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News > New AMC Web site offers space-available travel info
Story at a Glance
 New Web site offers retirees a wealth of information
 AMC Travel site will be updated with the latest breaking news and travel details
New AMC Web site offers space-available travel info

Posted 7/29/2009   Updated 7/29/2009 Email story   Print story

    


by Mark Diamond
Air Mobility Command Public Affairs


7/29/2009 - SCOTT AIR FORCE BASE, Ill. (AFRNS)  -- Air Mobility Command here recently unveiled its first official, command-level AMC Travel Web site.

People planning to travel the AMC military travel system can now point their Web browsers to www.amc.af.mil/amctravel/index.asp for the latest in AMC travel information.

The site, which officially went live July 24, offers prospective space-available travelers a wealth of information, including an updated AMC passenger terminal contact list (complete with phone, e-mail and Web links), and more than a dozen travel documents, example letters and brochures.

Every day around the world, hundreds of military and military-contracted commercial aircraft travel the world delivering troops and cargo. And each year, hundreds of thousands of military personnel, retirees, and their family members go along for the ride, courtesy of the AMC space-available travel program.

Space-available flights, also known as "military hops," are a unique benefit to U.S. servicemembers, retirees and their families. Under the AMC travel program, unused seats on U.S. military and military-contracted aircraft are made available to non-duty passengers on a space-available basis (once space-required or official-duty passengers and cargo have been accommodated).

According to one AMC travel expert, the AMC Travel Web site was created simply because "AMC customers deserve it."

"(The AMC Travel) site was created to provide our customers a wealth of AMC travel information, which can be counted on to contain the most accurate and up-to-date travel information available," said Tech. Sgt. Steve Katsonis of the AMC passenger policy branch. "Our customers deserved a Web site where they can obtain travel information that is correct, up to date and validated by AMC. This Web site will give them that."

Sergeant Katsonis said AMC officials understand the massive amount of anxiety and stress felt by space-required and space-available travelers.

"Our goal is that this site will answer any questions the passengers will have, therefore minimizing their stress before they leave their homes," he said.

In the past, prospective space-available passengers frequently turned to one of several AMC headquarters offices in search of travel information. Sergeant Katsonis said although headquarters personnel are trained to respond to these public queries, he hopes the new Web site will provide all their information and more. Additionally, he said trained passenger service agents at AMC terminals worldwide are standing by to assist. People searching for up-to-the-minute AMC travel information are encouraged to contact their nearest AMC passenger terminal. A current listing is available on the new AMC Travel site.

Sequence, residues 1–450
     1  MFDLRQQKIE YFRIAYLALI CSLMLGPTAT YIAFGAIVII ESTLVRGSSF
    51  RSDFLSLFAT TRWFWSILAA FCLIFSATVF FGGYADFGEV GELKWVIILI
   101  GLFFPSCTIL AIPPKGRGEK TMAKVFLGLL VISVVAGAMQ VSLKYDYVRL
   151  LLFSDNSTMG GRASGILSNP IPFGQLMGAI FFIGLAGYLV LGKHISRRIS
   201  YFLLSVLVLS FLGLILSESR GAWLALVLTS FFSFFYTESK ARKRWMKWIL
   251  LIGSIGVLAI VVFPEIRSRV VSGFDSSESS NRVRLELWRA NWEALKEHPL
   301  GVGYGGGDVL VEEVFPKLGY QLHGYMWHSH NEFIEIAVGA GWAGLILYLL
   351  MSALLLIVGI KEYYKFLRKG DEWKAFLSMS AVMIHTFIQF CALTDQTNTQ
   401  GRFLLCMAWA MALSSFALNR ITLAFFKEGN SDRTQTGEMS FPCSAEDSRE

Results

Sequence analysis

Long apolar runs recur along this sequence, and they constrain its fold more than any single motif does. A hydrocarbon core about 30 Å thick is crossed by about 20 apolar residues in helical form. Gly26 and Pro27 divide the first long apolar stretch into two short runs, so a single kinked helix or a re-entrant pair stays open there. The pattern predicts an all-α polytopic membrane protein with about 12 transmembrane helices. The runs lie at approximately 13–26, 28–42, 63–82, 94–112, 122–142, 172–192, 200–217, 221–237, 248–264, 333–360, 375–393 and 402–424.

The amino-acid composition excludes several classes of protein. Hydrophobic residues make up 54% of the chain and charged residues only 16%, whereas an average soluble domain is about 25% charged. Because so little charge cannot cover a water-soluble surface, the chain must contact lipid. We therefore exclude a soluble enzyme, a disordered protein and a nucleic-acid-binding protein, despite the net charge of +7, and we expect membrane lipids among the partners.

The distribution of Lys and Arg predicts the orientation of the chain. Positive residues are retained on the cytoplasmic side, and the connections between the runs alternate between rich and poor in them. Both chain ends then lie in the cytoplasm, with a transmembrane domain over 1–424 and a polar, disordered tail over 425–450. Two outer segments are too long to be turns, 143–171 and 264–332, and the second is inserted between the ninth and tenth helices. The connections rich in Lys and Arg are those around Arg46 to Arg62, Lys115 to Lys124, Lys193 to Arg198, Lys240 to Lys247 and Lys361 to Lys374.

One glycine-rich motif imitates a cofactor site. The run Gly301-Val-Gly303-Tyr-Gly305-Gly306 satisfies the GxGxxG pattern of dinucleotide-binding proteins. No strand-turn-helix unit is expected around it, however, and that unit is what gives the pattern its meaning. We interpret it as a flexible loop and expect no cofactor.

Another benefit of the new AMC Travel site is that it will be updated with the latest breaking news and updates. For instance, Sergeant Katsonis said active-duty dependent travel policies have gone through a few significant changes during the past few years.

He said Department of Defense officials now allow unaccompanied travel by dependents when the military spouse is deployed on contingency/exercise/deployment orders, also known as CED orders. According to Sergeant Katsonis, when the deployment is for 120 days or more, unaccompanied travel is authorized in category IV; and for deployments of 366 days or more, unaccompanied travel is authorized in the bottom of category III.

Sergeant Katsonis said he wants people to know that space-available travel is a great benefit, but it can be a stressful experience without the proper planning.

"AMC never guarantees travel, and passengers need to be prepared for their (space-available) trip to take more time than it would were they traveling commercial," the sergeant said.

He added that not every base is equipped with facilities or lodging capable of handling passengers stranded by a broken or rerouted aircraft.

"The most important thing to remember when traveling Space-A is be prepared to fly commercial if problems are encountered" Sergeant Katsonis said. "The key to a stress-free trip is to have a plan. Have enough money for all contingencies, and be mentally prepared for disappointment when plans don't come together." (Courtesy of AMC News Service)



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